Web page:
CD4 and CD8 T cells are required for CpG + anti-OX40 + anti-CTLA4 therapeutic effect

To confirm the importance of T cells in our treatment and to study the role of individual T-cell subsets, CD4 or CD8 T cells were depleted from the host using appropriate monoclonal antibodies. The total tumor burden (including the left primary tumor and all the superficial metastatic lymph nodes, with exception of the CpG-injected tumor) was compared among the different groups. Depletion of either CD4 or CD8 T cells completely abolished the therapeutic effect of CpG + anti-OX40 + anti-CTLA4 (Figure 6A). The therapeutic maneuver was also assessed in CD8 KO mice and confirmed the necessity of CD8 T cells (Figure 6B). Interestingly, in CD4 T cell–depleted animals, treatment was effective in controlling tumor dissemination to distant lymph nodes while the primary site grew. In contrast, in CD8 T cell–depleted animals, treatment was more effective in controlling growth in the primary tumor site while disease rapidly spread to lymph nodes (Figure 6C). Finally, late CD4 and CD8 depletions were performed starting the day after the end of therapy to evaluate the requirement for CD4 and CD8 T cells at early versus late phase of the immune response. More than half of the mice were cured in both late CD4- or CD8-depleted groups although more than 80% or 90% depletion of CD4 or CD8 T cells, respectively, was achieved as early as day 7 of therapy (24 hours after start of depletion), suggesting that the antitumor immune T cells acted rapidly after their induction (data not shown).

Figure 6

CD4 and CD8 T cells are required for CpG + anti-OX40 + anti-CTLA4 therapeutic effect. (A) Using the 2-tumor site model, mice received either no treatment or CpG + anti-OX40 + anti-CTLA4, with or without CD4 or CD8 depletion. CpG (red arrows) and anti-OX40 + anti-CTLA4 mAb (blue arrows) were administered as previously. CD4 and CD8 depletion (green arrows) was performed by intraperitoneal injections of ascitic fluid containing 0.5 mg of either anti-CD4 mAb (GK1.5 hybridoma) or anti-CD8 mAb (2.43 hybridoma) on days −2, −1, 1, and 5 from start of treatment. Depletion of CD4 and CD8 T cells was confirmed by flow cytometry on peripheral blood. Growth curves represent the total tumor volume (with exception of the right, CpG-injected tumor) expressed as the sum of the surface of the left tumor and all superficial metastatic lymph nodes when present. Numbers indicate the ratio of tumor-free mice at day 100. (B) Alternatively, BALB/c CD8 KO mice bearing 2 tumors received either no treatment or CpG + anti-OX40 + anti-CTLA4 as previously described. Numbers indicate the ratio of tumor-free mice at day 100. (C) Cancer growth was strikingly different between CD4- and CD8-depleted mice after treatment: tumor cells rapidly disseminated to the lymph nodes (LNs) in CD8-depleted mice whereas they remained confined to the primary tumor site (T) in the CD4-depleted mice. Photographs show 3 representative mice from each group.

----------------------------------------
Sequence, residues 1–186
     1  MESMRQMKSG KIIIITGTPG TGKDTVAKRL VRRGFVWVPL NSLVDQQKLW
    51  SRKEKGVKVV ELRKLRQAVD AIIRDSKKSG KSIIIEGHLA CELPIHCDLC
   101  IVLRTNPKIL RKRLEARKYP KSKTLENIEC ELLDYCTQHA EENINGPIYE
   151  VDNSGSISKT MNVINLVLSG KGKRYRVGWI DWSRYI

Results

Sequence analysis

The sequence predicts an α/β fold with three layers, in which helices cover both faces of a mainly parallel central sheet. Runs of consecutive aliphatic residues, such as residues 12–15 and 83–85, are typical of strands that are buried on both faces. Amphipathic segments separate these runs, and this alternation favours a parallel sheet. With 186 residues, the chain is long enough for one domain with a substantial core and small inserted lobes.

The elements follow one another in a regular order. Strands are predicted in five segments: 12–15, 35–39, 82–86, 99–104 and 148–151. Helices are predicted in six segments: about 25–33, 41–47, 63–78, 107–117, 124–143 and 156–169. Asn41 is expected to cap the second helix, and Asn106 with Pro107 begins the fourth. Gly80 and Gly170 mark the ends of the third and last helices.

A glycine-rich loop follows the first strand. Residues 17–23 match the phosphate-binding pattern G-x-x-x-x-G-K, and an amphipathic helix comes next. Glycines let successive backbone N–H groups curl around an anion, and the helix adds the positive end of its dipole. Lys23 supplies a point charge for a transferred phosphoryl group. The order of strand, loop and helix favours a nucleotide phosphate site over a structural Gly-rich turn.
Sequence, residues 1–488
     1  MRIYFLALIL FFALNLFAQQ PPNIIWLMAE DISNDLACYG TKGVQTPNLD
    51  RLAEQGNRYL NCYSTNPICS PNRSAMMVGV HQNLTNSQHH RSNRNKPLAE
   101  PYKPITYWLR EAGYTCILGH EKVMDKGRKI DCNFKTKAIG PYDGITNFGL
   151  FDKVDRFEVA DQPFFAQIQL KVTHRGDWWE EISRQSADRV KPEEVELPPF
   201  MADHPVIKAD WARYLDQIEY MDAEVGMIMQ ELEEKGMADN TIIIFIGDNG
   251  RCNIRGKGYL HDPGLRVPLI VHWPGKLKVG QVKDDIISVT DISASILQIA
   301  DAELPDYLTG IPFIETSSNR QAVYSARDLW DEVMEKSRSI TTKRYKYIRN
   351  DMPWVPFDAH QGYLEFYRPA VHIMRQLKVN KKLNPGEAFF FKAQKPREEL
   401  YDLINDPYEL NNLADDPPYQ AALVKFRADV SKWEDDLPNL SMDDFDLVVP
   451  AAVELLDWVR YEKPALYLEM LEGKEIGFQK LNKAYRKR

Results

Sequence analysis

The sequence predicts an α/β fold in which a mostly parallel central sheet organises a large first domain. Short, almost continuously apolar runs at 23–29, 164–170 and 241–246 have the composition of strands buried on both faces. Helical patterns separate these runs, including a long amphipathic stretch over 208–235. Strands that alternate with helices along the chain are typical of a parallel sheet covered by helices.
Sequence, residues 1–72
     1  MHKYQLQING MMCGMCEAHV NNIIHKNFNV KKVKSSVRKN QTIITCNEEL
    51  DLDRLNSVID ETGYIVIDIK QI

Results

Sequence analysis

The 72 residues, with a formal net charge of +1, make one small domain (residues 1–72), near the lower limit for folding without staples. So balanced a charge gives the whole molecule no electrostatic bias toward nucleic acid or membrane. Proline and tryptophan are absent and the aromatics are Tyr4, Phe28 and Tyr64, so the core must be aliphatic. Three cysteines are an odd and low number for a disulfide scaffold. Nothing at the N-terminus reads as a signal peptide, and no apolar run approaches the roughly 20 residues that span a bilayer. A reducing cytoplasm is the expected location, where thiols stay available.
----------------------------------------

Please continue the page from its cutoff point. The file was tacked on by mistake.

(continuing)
In this study, we have shown that T-cell modulation can greatly enhance the efficacy of intratumoral CpG vaccination in lymphoma, thereby eliminating the need for chemotherapy. In our previous system,2 chemotherapy was thought to play an important and useful role by reducing tumor burden, facilitating tumor Ag presentation by inducing apoptosis of tumor cells, or by depleting Treg cells. However, chemotherapy is often marked by toxicity and may induce cellular immune suppression, which could be partly detrimental in inducing an optimally effective vaccine. In the present work, chemotherapy was successfully replaced by T-cell modulation, which allowed cure of large and systemic lymphoma tumors when combined with CpG vaccination.

Some combinations of mAb against T-cell targets (anti-OX40 + anti-CTLA4, anti-OX40 + anti-FR4, and anti-CTLA4 + anti-GITR) appeared to potentiate T-cell modulation whereas other combinations did not show any significant improvement over the respective single antibody treatments. Although the antitumor effect of each of these mAbs used as a single agent has already been described,9,12,17,18 their optimal combination could not have been predicted from prior knowledge about their action. In this study, we used a systematic approach to identify which combinations provided the most powerful antitumor effects.

Among the efficient combinations that we have identified, we decided to focus specifically on CpG + anti-OX40 + anti-CTLA4 because all 3 of these reagents will soon be available for use in human clinical trials. This combination showed a powerful antitumor effect. First, the therapy induced antitumor T cells capable of secreting IFN-γ in response to overnight culture with A20 tumor cells and reduced the proportion of Treg cells at the tumor site. Both CD4 and CD8 T cells were required for the therapy to be effective as shown by CD4 and CD8 depletion studies and CD8 KO mice. Second, greater than 80% of treated mice were cured of large and systemic lymphoma tumors without the need for chemotherapy. Third, the therapy provided long-lasting protection against tumor rechallenge, consistent with the finding that this therapy also produced high numbers of CD44high memory T cells. Finally, we found that CD8 depletion prior to therapy led to rapid dissemination of the tumor to the lymph nodes whereas tumor growth following CD4 depletion was confined to the primary tumor site. This observation is in line with previous findings2 and suggests that CD8 T cells may play an important role in eradicating the tumor cells in the periphery whereas CD4 T cells seem to be required for tumor eradication at the primary site.